Wednesday, July 17, 2013

The dictatorship of stereotypes

Everybody has heard of Attawapiskat. And for good reason. The tiny First Nation community in a remote corner of northern Ontario has become emblematic of dysfunctional native communities.

How many people have heard of Sagamok?

I've often written about Attawapiskat. I've never mentioned Sagamok, even though I've actually been there a few times but have never been to Attawapiskat.

Sagamok is just one of the many native communities in Canada that is never going to make the news because it's not newsworthy. There are many First Nations without scandals of mismanagement or epidemics of suicide or drug addiction or homelessness or child abuse.

A drive through the Sagamok First Nation reveals an ordinary community of tidy homes that will never be featured in the crisis oriented reporting that is the life-blood of the news business. In fact, the community looks more prosperous than some of the white communities in the area. On Sunday afternoon the locals were tending their gardens, sitting on porches, going boating.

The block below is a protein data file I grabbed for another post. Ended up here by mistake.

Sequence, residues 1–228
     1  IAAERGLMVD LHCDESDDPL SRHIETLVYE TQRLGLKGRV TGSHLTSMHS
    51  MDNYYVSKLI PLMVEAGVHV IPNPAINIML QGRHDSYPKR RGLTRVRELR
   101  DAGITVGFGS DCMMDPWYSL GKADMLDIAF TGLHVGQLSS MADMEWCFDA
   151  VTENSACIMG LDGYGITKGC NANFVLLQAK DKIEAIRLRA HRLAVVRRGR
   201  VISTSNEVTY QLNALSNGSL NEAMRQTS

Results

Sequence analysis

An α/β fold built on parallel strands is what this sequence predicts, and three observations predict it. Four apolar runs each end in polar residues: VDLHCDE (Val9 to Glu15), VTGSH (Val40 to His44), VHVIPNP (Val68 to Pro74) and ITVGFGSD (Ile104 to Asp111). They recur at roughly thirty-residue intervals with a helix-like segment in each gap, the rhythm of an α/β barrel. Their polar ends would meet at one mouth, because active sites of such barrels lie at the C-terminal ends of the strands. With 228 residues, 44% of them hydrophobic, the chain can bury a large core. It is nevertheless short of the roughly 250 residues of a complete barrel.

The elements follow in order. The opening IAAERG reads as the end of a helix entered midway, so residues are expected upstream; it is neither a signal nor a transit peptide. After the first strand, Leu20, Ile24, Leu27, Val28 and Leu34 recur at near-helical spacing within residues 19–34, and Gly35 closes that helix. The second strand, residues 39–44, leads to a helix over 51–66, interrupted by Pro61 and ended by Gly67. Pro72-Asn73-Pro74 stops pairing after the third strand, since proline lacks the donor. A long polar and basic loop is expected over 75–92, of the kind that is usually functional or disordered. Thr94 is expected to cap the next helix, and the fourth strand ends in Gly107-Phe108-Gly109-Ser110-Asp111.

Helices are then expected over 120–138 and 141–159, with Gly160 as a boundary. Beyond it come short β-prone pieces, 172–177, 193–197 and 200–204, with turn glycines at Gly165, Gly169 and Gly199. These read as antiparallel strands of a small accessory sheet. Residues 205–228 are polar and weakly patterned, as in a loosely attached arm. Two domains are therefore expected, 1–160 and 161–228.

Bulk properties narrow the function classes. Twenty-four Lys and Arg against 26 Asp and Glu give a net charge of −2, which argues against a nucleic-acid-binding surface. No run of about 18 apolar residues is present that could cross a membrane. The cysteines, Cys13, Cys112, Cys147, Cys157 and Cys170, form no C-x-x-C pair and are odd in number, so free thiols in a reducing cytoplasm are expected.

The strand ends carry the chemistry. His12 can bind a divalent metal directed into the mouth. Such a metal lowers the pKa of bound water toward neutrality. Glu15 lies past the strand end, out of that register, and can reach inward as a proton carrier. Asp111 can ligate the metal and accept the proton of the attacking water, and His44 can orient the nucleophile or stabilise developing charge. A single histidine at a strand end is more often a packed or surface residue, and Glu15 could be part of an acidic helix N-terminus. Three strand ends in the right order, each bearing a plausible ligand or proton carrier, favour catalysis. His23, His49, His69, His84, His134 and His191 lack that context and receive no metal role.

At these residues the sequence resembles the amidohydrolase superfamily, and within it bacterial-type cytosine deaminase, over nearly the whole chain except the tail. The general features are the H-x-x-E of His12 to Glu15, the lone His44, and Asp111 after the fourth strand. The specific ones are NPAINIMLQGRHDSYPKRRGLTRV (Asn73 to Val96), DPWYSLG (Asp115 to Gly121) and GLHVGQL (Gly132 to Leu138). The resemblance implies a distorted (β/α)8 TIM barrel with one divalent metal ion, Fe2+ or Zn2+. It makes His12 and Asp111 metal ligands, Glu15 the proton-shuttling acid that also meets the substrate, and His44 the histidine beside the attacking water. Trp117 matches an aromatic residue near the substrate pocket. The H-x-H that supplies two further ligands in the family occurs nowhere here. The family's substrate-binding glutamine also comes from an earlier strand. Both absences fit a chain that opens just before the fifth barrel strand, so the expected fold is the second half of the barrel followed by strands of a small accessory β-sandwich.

Such ordinariness will never be newsworthy, while stories of addiction and dysfunction and failure inevitably are.

And so the stereotypes live on, while the success stories are ignored.

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